It was late afternoon when we arrived at the ger camp in Terelj National Park Mongolia. Instead of busy roads, the camp is located in a mostly untouched open space with rock formations and hills all around. No cars or paved streets – just open skies.
A trip to Mongolia is incomplete without a stay at a ger. Even if the ger is not authentic and is located in a tourist ger camp. Inside our ger for two to three people were three single beds, three night stands, a small table and a wood burning stove in the middle. We had electricity and an outlet to charge our devices. Each ger was given a thermos filled with hot water, which is a good thing if you hate inconveniences.
A traditional Mongolian ger is a circular structure supported by a collapsible wooden frame, an outer layer of canvas and an inner layer of felt with a door facing south. I was told, the east side of the ger is for women, the west side for men and the north side which is directly opposite the door (facing south) is reserved for older members of the family or honored guests. The family worship area (the altar) is located in the north side.
More than 50% of Mongolians still live in gers. Most of these ger dwellers are still roaming in the vast steppe land. In recent years many have been giving up the nomadic lifestyle for the city lights of Ulan Bator. This move has brought about an increase in ger districts in Ulan Bator. You can read about the ger district problems by the LA Times here.
The temperature dropped to below zero in late September when the sun went down. It was so cold that we had to wear our jeans and outdoor jacket to sleep. Our ger was not insulated and all the gers in the ger camp were set up only during the summer months. The wood-burning stove didn’t help because all the wood burned within two hours. On the second night we were given coal instead of wood. It was better the second night as the coal extended the warmth for another two hours.
Toilets and showers
Toilets are located in a building away from the ger. Men and women toilets are separated. Each had two toilet bowls and two sinks. However there was only cold water.
I didn’t attempt to shower nor did I look at the shower facilities since it was too cold to take a cold shower.
We had our meals at the common dining room catered just for ger campers. All meals were included for our two nights stay.
Breakfast consisted of Mongolian milk tea (which is warm milk and salt with a hint of black tea), instant coffee, Mongolian pancakes, toast with jam and homemade butter, eggs with ham and a variety of cereals. They were hearty and satisfying.
Lunch and dinner were mainly Mongolian food like Tsuivan noodles and shul (meat with vegetable soup).
Our tour included a special homemade khorkhog (Mongolian barbecue) made by our tour guide Amran. He prepared the meal in a ger. Khorkhog is a special meal made for special occasion.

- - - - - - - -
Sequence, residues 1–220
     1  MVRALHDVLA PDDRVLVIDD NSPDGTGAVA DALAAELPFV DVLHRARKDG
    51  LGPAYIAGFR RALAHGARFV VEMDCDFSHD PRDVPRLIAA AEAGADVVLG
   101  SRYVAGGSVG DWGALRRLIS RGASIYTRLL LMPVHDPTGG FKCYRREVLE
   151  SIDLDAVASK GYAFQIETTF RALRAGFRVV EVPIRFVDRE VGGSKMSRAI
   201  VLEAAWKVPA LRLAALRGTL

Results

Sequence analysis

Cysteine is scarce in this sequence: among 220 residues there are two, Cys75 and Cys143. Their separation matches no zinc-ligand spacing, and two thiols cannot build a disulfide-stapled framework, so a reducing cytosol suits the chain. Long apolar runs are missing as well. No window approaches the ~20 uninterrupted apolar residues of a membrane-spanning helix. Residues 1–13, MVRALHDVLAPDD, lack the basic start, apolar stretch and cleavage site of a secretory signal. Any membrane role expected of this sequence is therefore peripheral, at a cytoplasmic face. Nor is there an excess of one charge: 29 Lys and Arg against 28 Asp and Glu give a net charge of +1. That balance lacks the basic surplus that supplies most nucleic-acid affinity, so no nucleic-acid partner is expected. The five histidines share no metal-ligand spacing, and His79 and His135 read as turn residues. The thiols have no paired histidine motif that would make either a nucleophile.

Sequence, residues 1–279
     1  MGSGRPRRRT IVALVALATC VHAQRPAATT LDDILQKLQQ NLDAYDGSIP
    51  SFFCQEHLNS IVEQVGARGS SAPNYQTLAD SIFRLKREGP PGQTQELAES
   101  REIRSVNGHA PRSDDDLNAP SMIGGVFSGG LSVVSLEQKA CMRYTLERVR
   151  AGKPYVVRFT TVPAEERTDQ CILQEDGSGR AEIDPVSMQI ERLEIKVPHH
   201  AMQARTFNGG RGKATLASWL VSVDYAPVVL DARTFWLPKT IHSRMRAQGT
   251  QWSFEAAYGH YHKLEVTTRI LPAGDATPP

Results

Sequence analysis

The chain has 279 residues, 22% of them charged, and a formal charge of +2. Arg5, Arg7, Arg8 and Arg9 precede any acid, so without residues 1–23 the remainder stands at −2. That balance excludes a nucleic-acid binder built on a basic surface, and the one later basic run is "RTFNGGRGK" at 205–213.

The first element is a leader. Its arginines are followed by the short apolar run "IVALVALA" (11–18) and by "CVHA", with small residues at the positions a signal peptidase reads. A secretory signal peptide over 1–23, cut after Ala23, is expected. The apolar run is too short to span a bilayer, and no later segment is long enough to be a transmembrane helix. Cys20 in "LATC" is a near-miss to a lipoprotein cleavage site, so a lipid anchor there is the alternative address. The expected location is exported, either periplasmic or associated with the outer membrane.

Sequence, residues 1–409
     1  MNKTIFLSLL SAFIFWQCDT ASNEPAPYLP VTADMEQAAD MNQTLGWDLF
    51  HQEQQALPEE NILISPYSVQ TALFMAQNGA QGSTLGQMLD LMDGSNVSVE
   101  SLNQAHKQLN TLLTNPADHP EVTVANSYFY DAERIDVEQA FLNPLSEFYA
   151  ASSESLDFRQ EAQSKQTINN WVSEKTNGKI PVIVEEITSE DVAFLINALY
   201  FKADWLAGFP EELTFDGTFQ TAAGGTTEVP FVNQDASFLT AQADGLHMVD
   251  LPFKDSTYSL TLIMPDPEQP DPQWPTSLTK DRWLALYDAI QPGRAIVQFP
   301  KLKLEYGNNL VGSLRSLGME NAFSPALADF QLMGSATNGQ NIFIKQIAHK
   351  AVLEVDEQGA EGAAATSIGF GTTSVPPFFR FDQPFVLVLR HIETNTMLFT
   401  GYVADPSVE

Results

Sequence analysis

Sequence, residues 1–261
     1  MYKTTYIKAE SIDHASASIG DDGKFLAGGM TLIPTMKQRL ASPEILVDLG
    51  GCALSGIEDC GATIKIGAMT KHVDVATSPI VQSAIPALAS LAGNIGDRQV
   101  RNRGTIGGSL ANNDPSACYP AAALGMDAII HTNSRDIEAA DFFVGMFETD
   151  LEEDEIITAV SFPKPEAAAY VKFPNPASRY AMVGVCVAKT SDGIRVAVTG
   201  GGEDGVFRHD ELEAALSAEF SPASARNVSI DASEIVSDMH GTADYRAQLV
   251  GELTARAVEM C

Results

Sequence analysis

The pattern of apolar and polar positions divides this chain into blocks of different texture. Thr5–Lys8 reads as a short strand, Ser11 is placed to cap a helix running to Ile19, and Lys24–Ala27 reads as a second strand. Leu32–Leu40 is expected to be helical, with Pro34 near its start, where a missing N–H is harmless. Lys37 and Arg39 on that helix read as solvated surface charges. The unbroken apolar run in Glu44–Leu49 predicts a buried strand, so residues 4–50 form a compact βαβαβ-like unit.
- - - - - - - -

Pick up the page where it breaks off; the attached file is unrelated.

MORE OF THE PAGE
First he prepared the fire on the stove. Then he added the smooth round stones (like those found in river beds) to the fire. In a big metal container he had all the pre cut meat (sheep not lamb) marinated and set aside. In another container he had peeled potatoes, onions, cabbage and carrots.
He added the heated stones to the pre-cut meat, one at a time until all the heated stones covered the meat. He added all the vegetables on top of the heated stones, added a little water and covered the dish. He then placed it on top of the stove.
I had no idea the Mongolian barbecue method of cooking is different from the Mongolian barbecue I had in Asian buffet restaurants and non-authentic Mongolian restaurants. In fact the Mongolian barbecue I ate in the United States, New Zealand, Malaysia and Indonesia were a far cry from the authentic khorkhog.
Mongolian vodka and condoms
“Chinggis vodka is the best!” said Amran. I had no idea and I don’t like vodka. He meant it pairs well with khorkhog, the authentic Mongolian barbecue. All the fat from the sheep needs to be washed down with the high alcohol content of the Mongolian famous Chinggis vodka.
After dinner while we wandered around the dining room, we discovered free condoms placed behind the old TV. Very interesting discovery, I must say!
Horses and horseback riding
Mongolia is also known as The Land of the Horse. Horses are important for Mongolians since 3,000 years ago. Today, horses are still important to the Mongolians even if they are not herders. They rely on horses’ milk to make airag- the fermented horse milk. For nomadic families, children are taught to ride horses at the age of three.
Mongol horses are small compared to American horses and Uruguayan horses. They have short legs and big heads. To experience the Mongol horse we hired a horseman to take us around the mountains near the ger camp for an hour. The horseman did not speak English but he spoke ‘horse language’ because he was skillful and knew exactly how to steer the horses away from falling into the valley.
Horseback riding was cheap at the ger camp at US$10 per person.
Archery is an important sport in Mongolia after horseback riding and wrestling. We tried archery using the bow and arrows from another tour group.
Hiking was one of the activities to do around the ger camp. It was great for those who like climbing hills and rocks. As for me I was contented doing nothing walking around the ger camp.
The two nights stay at the ger camp, meeting a nomadic family in their ger and eating real Mongolian barbecue were the best experiences I had in Mongolia.